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  1. We study a noisy graph isomorphism problem, where the goal is to perfectly recover the vertex correspondence between two edge‐correlated graphs, with an initial seed set of correctly matched vertex pairs revealed as side information. We show that it is possible to achieve the information‐theoretic limit of graph sparsity in time polynomial in the number of verticesn. Moreover, we show the number of seeds needed for perfect recovery in polynomial‐time can be as low asin the sparse graph regime (with the average degree smaller than) andin the dense graph regime, for a small positive constant. Unlike previous work on graph matching, which used small neighborhoods or small subgraphs with a logarithmic number of vertices in order to match vertices, our algorithms match vertices if their large neighborhoods have a significant overlap in the number of seeds.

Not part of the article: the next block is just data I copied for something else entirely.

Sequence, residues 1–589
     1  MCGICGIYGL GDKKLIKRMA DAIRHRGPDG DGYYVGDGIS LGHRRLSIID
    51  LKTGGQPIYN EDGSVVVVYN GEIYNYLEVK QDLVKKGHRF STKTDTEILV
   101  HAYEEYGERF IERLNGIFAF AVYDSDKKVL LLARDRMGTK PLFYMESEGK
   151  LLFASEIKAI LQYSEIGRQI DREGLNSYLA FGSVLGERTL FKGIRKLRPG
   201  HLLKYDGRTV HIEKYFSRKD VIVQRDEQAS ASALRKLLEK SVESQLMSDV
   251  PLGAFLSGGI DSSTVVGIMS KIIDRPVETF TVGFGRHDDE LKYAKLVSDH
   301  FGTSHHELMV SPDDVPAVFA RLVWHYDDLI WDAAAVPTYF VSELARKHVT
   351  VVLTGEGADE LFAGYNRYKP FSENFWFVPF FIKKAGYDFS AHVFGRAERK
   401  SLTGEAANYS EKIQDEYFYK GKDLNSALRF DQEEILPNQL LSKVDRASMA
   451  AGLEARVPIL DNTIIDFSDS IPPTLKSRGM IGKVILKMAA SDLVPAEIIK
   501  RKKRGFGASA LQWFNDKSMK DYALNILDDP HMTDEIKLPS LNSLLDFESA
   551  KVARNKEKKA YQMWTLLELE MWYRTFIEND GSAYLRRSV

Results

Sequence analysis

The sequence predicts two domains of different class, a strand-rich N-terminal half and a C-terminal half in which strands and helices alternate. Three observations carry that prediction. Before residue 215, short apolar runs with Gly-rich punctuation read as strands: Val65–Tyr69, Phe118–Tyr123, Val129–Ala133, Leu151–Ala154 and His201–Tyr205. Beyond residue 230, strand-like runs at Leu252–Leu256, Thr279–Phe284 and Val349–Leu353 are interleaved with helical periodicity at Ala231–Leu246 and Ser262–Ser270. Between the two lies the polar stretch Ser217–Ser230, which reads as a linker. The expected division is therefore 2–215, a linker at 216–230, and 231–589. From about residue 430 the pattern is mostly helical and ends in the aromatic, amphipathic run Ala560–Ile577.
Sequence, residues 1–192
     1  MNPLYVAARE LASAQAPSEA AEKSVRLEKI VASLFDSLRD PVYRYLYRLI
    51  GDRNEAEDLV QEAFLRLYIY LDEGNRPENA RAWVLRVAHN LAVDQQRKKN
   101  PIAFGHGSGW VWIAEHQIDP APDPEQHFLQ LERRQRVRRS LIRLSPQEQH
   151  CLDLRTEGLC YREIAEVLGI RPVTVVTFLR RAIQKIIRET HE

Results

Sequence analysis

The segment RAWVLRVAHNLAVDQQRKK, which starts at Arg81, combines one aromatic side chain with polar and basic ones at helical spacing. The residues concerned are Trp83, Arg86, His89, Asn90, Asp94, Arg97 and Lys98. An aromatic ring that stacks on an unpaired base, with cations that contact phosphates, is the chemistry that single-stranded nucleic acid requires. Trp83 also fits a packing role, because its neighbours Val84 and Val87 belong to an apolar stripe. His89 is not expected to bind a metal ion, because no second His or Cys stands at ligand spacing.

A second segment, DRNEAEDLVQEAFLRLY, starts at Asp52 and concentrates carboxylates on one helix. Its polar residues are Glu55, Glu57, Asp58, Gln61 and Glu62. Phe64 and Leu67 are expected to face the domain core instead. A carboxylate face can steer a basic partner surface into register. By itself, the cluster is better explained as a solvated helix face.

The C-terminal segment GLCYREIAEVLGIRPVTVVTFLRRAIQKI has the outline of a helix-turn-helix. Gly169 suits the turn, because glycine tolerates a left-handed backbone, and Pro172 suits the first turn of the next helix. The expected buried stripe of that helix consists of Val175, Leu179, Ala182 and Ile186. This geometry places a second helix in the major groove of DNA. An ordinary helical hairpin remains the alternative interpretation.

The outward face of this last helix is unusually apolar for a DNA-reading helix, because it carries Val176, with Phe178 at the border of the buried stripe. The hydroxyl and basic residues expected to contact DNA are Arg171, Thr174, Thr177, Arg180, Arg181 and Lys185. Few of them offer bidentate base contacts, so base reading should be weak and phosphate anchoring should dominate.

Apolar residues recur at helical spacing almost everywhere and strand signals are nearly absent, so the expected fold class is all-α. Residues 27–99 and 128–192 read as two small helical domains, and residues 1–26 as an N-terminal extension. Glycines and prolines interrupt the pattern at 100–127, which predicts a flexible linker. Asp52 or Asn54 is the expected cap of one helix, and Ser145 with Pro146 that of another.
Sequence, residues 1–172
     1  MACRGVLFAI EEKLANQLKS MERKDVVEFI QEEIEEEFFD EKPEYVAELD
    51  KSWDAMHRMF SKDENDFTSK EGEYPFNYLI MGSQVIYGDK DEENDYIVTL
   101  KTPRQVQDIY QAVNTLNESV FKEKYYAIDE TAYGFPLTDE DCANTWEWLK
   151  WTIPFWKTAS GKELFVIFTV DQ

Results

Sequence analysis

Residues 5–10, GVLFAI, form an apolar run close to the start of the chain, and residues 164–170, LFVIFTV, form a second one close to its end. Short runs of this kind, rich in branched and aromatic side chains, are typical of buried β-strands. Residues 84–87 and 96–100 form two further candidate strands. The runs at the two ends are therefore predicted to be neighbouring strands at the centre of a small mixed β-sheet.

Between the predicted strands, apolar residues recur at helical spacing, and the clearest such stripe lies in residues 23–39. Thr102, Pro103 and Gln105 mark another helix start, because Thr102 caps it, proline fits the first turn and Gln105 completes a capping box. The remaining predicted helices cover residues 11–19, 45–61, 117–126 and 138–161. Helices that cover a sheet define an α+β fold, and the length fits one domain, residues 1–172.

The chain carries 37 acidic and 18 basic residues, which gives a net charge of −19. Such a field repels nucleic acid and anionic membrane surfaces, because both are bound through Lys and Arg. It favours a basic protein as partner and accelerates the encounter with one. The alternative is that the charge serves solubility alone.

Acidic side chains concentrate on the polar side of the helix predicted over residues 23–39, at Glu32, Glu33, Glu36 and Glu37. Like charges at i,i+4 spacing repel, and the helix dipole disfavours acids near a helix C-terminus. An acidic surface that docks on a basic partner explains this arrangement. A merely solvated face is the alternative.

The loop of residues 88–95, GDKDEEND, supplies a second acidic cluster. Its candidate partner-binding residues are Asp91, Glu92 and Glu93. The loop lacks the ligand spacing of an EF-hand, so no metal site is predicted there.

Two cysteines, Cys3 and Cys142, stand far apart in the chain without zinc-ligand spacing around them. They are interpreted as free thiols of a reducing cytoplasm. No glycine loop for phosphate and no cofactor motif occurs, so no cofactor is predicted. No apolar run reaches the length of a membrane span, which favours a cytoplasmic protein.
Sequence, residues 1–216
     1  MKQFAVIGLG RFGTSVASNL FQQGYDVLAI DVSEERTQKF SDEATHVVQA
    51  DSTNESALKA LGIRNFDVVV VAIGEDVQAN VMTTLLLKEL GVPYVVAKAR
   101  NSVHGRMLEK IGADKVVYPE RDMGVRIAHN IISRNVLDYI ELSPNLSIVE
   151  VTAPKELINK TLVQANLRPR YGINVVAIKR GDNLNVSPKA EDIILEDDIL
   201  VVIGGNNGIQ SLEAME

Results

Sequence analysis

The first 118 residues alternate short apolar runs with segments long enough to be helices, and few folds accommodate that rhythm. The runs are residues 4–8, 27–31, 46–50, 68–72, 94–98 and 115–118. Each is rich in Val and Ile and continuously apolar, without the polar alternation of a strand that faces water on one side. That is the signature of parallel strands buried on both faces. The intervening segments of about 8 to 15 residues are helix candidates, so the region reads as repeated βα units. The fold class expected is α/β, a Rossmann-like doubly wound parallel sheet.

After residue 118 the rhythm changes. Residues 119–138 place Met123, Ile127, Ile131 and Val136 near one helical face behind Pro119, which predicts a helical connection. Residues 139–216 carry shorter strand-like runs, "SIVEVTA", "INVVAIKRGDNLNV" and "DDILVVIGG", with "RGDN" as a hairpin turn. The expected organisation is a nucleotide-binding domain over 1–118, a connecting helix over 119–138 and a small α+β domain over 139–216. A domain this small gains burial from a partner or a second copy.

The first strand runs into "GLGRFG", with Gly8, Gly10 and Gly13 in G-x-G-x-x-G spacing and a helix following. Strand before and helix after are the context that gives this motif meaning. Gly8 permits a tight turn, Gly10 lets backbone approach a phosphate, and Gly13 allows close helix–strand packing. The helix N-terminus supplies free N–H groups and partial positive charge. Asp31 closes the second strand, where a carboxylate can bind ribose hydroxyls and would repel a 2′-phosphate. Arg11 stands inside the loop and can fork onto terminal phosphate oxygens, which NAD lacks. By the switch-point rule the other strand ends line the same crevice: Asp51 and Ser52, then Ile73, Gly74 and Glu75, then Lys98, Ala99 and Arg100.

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    This paper studies seeded graph matching for power-law graphs. Assume that two edge-correlated graphs are independently edge-sampled from a common parent graph with a power-law degree distribution. A set of correctly matched vertex-pairs is chosen at random and revealed as initial seeds. Our goal is to use the seeds to recover the remaining latent vertex correspondence between the two graphs. Departing from the existing approaches that focus on the use of high-degree seeds in $1$-hop neighborhoods, we develop an efficient algorithm that exploits the low-degree seeds in suitably-defined D-hop neighborhoods. Specifically, we first match a set of vertex-pairs with appropriate degrees (which we refer to as the first slice) based on the number of low-degree seeds in their D-hop neighborhoods. This approach significantly reduces the number of initial seeds needed to trigger a cascading process to match the rest of graphs. Under the Chung-Lu random graph model with n vertices, max degree Θ(√n), and the power-law exponent 2<β<3, we show that as soon as D> 4-β/3-β, by optimally choosing the first slice, with high probability our algorithm can correctly match a constant fraction of the true pairs without any error, provided with only Ω((log n)4-β) initial seeds. Our result achieves an exponential reduction in the seed size requirement, as the best previously known result requires n1/2+ε seeds (for any small constant ε>0). Performance evaluation with synthetic and real data further corroborates the improved performance of our algorithm. 
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